to the British Science Association

We are a registered charity that exists to advance the public understanding, accessibility and accountability of the sciences and engineering in the UK.


Show me content for... +

Show me content for...
Professional development
Families & teenagers (aged 12+)
Families (children aged 12 & under)



Register with us and you can....

  • Sign up to our free e-communications
  • Become a member of the Association
  • Create your own web account, & post comments
  • Be part of British Science Festival
  • Save your favourite items


You are here


Welcome to the blog, you can read all about the latest news for the sections and take a look in our archive. Scroll through the latest posts below, or select a section from the dropdown.

By Gianamar Giovannetti-Singh, who is currently studying double maths, physics, chemistry, philosophy and Italian at A-Level. Gianamar has recently completed his Gold CREST Award and has received a number of prizes at the National Science + Engineering Competition since 2012.


Despite having been interested in science for a long time, my passion for physics and my drive to become an amateur scientist was kindled by an excellent science teacher in Year 9 at school who taught us about particle physics as an extra to our GCSE course. I also think Brian Cox's "Wonders of the Universe" series had a big impact on me as it was the first time when watching a science documentary that I could truly feel the enthusiasm communicated by the presenter.

by Graphic Science


In March 2014, the latest version of the Public Attitudes to Science report was published by the Department for Business, Innovation and Skills in partnership with Ipsos MORI. But what can we learn from the PAS survey?

Over the weekend, #therobotsareready campaign was in full swing on Twitter in preparation for the British Science Festival in September. NAO was one of the robots featured in the campaign and is one of the robot stars at the University of Birmingham. Here, he tells us a bit more about himself and what he has been designed to do.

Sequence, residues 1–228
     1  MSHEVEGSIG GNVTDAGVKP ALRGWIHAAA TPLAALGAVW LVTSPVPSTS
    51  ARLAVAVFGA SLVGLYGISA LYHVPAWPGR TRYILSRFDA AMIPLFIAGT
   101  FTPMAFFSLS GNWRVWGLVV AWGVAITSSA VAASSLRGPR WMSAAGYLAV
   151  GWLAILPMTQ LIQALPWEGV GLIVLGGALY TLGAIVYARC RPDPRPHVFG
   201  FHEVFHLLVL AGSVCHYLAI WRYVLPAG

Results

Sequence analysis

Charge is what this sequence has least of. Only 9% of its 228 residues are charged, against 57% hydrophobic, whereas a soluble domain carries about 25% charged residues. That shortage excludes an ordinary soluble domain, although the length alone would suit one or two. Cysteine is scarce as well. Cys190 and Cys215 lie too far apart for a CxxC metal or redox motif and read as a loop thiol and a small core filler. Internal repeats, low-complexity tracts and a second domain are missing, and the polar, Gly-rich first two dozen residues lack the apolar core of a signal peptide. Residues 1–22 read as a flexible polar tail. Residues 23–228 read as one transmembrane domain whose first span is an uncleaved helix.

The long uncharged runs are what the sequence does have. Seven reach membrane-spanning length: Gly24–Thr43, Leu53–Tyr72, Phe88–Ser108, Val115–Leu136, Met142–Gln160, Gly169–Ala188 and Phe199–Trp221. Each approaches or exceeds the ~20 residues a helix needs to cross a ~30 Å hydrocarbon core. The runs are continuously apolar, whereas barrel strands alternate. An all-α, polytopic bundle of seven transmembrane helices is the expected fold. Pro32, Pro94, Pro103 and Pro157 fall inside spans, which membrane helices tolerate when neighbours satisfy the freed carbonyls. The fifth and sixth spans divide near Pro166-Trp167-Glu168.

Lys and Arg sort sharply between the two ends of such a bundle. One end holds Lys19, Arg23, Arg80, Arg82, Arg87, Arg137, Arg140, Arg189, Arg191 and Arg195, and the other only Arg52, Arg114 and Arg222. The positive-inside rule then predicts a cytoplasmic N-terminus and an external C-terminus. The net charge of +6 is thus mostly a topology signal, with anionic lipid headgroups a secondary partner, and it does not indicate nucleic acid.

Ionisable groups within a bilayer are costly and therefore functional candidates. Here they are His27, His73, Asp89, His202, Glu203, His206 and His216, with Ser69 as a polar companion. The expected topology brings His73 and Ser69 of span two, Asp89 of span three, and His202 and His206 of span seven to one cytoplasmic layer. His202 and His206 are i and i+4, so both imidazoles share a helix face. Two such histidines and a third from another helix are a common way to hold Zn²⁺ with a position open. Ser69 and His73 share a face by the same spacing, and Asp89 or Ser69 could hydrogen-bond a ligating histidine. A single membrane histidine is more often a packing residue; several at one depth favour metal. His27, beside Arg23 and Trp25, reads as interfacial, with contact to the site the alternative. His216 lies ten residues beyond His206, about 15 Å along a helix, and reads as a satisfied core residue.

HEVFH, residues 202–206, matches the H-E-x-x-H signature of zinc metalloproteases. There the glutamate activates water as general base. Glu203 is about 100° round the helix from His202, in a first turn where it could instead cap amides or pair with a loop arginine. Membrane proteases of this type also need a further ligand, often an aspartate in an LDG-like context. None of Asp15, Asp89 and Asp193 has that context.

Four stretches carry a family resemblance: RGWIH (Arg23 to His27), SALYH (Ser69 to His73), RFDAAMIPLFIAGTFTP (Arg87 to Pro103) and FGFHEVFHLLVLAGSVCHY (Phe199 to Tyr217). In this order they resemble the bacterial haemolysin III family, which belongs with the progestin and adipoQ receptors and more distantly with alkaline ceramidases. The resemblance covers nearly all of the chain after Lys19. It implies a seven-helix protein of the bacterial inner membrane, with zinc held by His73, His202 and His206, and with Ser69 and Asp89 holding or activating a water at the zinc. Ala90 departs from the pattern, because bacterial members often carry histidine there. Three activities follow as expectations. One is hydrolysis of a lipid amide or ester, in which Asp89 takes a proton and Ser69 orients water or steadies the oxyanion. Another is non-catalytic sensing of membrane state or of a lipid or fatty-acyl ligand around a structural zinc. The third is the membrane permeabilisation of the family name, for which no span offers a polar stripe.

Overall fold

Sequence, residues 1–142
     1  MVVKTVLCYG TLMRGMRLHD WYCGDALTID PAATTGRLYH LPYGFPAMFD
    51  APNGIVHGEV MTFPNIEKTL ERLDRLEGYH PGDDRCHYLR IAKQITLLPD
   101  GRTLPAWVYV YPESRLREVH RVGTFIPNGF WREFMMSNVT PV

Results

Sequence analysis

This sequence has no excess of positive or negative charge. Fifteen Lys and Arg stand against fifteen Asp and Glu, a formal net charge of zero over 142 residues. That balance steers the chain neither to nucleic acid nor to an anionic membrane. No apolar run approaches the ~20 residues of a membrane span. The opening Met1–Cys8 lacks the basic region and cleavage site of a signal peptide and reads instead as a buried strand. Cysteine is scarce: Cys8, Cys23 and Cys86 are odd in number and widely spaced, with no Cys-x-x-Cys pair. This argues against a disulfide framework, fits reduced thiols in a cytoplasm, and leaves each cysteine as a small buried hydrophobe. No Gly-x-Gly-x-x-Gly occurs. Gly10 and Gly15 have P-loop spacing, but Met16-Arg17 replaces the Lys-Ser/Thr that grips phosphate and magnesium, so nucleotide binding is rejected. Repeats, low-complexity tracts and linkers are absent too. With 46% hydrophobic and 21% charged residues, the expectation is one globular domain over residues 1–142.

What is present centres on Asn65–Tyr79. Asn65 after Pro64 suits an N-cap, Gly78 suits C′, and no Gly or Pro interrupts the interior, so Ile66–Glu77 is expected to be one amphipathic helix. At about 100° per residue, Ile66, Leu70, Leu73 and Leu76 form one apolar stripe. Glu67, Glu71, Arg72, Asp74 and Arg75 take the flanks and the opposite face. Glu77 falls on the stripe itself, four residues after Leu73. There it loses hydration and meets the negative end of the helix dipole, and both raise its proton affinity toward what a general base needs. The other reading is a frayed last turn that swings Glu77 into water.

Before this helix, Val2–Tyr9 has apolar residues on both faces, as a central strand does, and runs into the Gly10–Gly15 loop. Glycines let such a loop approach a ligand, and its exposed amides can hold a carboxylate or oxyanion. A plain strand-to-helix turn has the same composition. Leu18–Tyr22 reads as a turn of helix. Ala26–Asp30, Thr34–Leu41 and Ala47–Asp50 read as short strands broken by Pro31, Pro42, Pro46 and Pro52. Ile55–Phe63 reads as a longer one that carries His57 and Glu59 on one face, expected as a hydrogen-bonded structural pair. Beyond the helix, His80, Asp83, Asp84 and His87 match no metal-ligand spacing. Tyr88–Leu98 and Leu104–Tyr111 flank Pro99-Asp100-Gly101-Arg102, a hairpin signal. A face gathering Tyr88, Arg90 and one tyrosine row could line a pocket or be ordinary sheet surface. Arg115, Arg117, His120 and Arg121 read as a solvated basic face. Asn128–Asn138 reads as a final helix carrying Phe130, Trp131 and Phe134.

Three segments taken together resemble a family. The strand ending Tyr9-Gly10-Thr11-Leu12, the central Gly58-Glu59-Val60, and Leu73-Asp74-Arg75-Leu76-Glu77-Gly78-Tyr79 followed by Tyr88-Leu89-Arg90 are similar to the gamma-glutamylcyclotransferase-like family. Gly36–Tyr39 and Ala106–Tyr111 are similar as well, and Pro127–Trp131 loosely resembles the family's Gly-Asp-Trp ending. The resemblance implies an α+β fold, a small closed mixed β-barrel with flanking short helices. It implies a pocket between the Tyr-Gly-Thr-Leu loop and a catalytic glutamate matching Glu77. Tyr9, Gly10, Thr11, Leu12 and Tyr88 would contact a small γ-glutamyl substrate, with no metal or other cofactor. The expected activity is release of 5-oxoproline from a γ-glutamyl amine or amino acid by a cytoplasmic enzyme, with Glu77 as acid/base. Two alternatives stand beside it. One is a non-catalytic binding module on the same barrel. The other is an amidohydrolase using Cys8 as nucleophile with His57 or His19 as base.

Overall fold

By Diana Pearce, an ecologist and freelance science and museum communicator, who has set up Flashmob science.


When I was about eight years old, one of my first experiences of science in the field was going on a woodland walk. I’m not sure of the location but it is an experience that has stuck with me to this day. On the walk I was shown which trees were deciduous or evergreen and which trees produced edible fruits.

by Roland Jackson, Executive Chair of Sciencewise (Twitter: @Roland_Jackson)


The annual jamboree of the Science Communication Conference is over for another year. It may be wishful thinking, but I picked up more reference this year to policy impact, and specifically to the activities of Sciencewise. Did this register with anyone else, or is this indeed wishful thinking?

Laura Fogg-Rogers, from the Science Communication Unit at the University of the West of England. Laura spoke on a panel with Mat Hickman from the Wellcome Trust and Hema Teji from the British Science Association at the Science Communication Conference 2014.


By Lizzie Crouch, Project Manager at DesignScience


We believe there is a critical, yet often overlooked link between science and design, and a growing need for increased collaboration between the two.

This belief has motivated us – DesignScience’s Anne Odling-Smee and myself, creative producer Ellen Dowell and interactive designer Andrew Friend – to raise the question, ‘What is design for?’ at this year’s Science Communication Conference.

By Joe Cox, Principal Lecturer in Economics and Finance at the University of Portsmouth.


Citizen science is not a new phenomenon and many will already be aware of long-running projects such as Audubon Society’s Christmas Bird Count and the American Association of Variable Star Observers. However, with the rapid evolution of interactive online technologies, citizen science projects are being revolutionised through new approaches to online crowdsourcing. Suddenly, scientists are able to bring together huge numbers of volunteers from across the world to take part in large-scale projects with significant scientific and social value incredibly easily and fairly quickly as well.

by Martin Zaltz Austwick, a lecturer in data visualisation and programming at the Bartlett Centre for Advanced Spatial Analysis (CASA) at UCL, with an interest in cities and networks, having previously studied quantum physics and worked as a medical laser physicist.

You can find his blog at sociablephysics.com, or follow him on twitter @sociablephysics.


Ellie CosgraveBy Dr Ellie Cosgrave, engineer and ScienceGrrl director.